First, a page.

various forms since 1979... ‘In a very general sense, it’s no secret or cutting-edge analysis that Israel’s military is the best-equipped and best trained in the whole region.’” Comparatively while the U.S. would win any fight with Iran, Iran’s likely asymmetric attacks, “… might well penetrate U.S. defenses,” (Weinberger, 2012). “’Then again, it’s not Iran’s conventional forces which are the concern [for the US and its allies]…Their Quds Force and naval capabilities are a big unknown – especially
“Securing a computer system has traditionally been a battle of wits: the penetrator tries to find the holes, and the designer tries to close them.” ~Gosser Warfare has always been a game of cat and mouse. As technology increases war has to adapt with it. Wars have evolved from a contest of strength to a show of potential. Previously wars were fought with large armies and whomever could most effectively utilize the most troops with better training won; now however, a single person with a nuclear bomb can destroy a city within seconds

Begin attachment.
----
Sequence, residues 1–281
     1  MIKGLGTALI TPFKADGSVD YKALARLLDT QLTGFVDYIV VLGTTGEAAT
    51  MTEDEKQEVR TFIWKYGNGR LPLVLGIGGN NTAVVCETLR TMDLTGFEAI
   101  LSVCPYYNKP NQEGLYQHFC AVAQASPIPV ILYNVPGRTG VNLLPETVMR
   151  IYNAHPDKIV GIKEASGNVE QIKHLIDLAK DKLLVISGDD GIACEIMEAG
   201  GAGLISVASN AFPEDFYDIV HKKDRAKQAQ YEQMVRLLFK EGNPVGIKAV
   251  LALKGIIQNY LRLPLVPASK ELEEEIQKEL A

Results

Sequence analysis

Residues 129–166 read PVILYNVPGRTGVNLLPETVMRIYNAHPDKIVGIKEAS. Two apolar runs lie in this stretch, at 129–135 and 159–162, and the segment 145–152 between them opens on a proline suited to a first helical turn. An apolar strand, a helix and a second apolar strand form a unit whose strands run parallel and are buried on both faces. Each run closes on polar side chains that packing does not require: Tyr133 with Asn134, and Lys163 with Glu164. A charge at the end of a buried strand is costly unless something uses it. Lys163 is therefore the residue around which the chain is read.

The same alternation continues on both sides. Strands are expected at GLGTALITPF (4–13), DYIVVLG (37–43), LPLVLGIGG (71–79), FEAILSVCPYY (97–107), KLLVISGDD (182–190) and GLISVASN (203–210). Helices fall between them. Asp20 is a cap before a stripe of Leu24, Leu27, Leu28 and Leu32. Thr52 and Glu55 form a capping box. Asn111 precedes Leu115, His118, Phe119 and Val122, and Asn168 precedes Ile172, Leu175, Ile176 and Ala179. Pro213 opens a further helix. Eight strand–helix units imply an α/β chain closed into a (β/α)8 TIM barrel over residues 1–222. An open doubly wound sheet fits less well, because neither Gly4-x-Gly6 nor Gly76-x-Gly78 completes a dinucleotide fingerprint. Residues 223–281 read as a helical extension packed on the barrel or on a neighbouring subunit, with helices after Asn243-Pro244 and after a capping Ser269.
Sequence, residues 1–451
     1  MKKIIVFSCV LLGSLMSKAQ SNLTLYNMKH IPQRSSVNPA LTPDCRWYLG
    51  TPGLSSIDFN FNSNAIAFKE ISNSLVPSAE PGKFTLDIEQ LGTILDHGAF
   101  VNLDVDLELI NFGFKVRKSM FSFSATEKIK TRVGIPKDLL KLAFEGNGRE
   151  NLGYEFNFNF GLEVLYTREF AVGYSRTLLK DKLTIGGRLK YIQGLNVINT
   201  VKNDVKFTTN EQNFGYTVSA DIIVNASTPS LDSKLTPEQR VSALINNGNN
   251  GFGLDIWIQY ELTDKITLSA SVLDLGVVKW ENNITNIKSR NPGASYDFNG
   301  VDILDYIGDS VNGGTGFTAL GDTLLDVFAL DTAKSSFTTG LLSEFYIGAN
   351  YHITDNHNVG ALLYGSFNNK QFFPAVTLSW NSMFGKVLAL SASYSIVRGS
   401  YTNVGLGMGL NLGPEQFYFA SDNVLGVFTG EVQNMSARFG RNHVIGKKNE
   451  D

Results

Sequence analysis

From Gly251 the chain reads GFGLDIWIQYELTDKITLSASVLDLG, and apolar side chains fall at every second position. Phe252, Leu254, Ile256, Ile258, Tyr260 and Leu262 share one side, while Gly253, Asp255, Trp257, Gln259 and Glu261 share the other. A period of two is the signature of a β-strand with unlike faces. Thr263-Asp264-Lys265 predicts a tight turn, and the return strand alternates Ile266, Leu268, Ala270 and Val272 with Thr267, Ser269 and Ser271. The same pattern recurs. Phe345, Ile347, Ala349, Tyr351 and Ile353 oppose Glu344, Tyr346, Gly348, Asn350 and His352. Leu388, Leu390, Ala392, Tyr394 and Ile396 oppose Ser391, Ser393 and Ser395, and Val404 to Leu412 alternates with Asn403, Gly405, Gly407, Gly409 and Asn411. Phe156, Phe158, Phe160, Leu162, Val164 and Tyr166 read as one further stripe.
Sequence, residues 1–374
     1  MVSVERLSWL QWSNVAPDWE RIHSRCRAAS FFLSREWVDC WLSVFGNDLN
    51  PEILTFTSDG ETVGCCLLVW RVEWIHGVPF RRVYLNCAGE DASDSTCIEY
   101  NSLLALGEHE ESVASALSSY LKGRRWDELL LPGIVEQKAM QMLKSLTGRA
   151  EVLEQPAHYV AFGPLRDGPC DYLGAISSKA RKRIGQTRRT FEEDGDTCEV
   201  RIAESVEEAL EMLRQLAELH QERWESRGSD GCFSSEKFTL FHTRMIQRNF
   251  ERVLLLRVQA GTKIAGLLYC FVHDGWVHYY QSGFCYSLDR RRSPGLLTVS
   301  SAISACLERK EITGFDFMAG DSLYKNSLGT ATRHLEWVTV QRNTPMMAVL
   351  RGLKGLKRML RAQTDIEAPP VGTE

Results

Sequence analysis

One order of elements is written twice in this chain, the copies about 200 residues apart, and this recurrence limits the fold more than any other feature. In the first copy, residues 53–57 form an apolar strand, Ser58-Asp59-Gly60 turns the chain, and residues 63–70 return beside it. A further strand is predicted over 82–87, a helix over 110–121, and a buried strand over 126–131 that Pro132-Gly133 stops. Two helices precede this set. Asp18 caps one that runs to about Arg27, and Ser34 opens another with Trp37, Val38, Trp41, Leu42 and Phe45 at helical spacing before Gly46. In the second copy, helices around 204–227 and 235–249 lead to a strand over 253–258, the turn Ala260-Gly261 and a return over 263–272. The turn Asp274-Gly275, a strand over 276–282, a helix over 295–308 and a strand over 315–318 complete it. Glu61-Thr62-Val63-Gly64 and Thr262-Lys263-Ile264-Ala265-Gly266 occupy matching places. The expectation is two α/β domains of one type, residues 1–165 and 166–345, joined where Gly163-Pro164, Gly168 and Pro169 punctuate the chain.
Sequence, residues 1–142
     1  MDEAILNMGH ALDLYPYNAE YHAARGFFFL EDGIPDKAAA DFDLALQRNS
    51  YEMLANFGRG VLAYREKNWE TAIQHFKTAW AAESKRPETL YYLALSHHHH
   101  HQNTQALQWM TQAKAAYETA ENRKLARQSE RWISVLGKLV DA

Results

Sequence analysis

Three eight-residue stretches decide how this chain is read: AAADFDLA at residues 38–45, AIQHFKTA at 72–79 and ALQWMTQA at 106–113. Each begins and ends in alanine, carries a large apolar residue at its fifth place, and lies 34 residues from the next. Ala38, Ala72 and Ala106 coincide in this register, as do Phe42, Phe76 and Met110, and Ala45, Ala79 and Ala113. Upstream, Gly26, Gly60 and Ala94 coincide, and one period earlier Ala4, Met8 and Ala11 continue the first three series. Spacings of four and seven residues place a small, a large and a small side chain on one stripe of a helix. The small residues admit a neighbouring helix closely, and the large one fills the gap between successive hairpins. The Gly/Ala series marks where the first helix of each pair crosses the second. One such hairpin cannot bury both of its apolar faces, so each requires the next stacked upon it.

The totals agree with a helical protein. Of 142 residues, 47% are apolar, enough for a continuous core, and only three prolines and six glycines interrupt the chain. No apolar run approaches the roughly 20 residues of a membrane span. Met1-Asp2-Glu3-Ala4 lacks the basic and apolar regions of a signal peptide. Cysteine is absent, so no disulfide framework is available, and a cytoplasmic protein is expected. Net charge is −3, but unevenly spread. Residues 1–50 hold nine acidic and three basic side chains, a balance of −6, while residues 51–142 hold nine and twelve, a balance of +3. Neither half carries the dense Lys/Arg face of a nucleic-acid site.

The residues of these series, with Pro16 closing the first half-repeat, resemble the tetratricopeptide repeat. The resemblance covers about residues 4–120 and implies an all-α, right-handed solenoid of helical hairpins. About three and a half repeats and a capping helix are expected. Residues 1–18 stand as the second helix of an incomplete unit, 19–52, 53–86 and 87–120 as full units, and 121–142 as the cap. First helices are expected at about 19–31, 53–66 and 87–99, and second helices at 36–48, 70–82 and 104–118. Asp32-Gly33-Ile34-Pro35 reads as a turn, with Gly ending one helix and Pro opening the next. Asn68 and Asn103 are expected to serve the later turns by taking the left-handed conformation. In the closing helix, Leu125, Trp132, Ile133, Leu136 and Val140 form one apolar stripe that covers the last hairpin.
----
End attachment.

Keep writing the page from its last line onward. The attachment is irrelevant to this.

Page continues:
coached a young middle distance runner named Phil Knight. Knight wrote a research paper arguing that cheaper, high-performance Japanese shoes could overthrow German dominance of the U.S. athletic shoe industry. On a trip to Japan, Knight contracted with the Onitsuka Tiger Company to sell its quality athletic shoes in the U.S. He made up the name Blue Ribbon Sports (BRS) in 1962 and formed a partnership with Bowerman in 1964, each partner investing $500 in the business (Nike Timeline, 2006).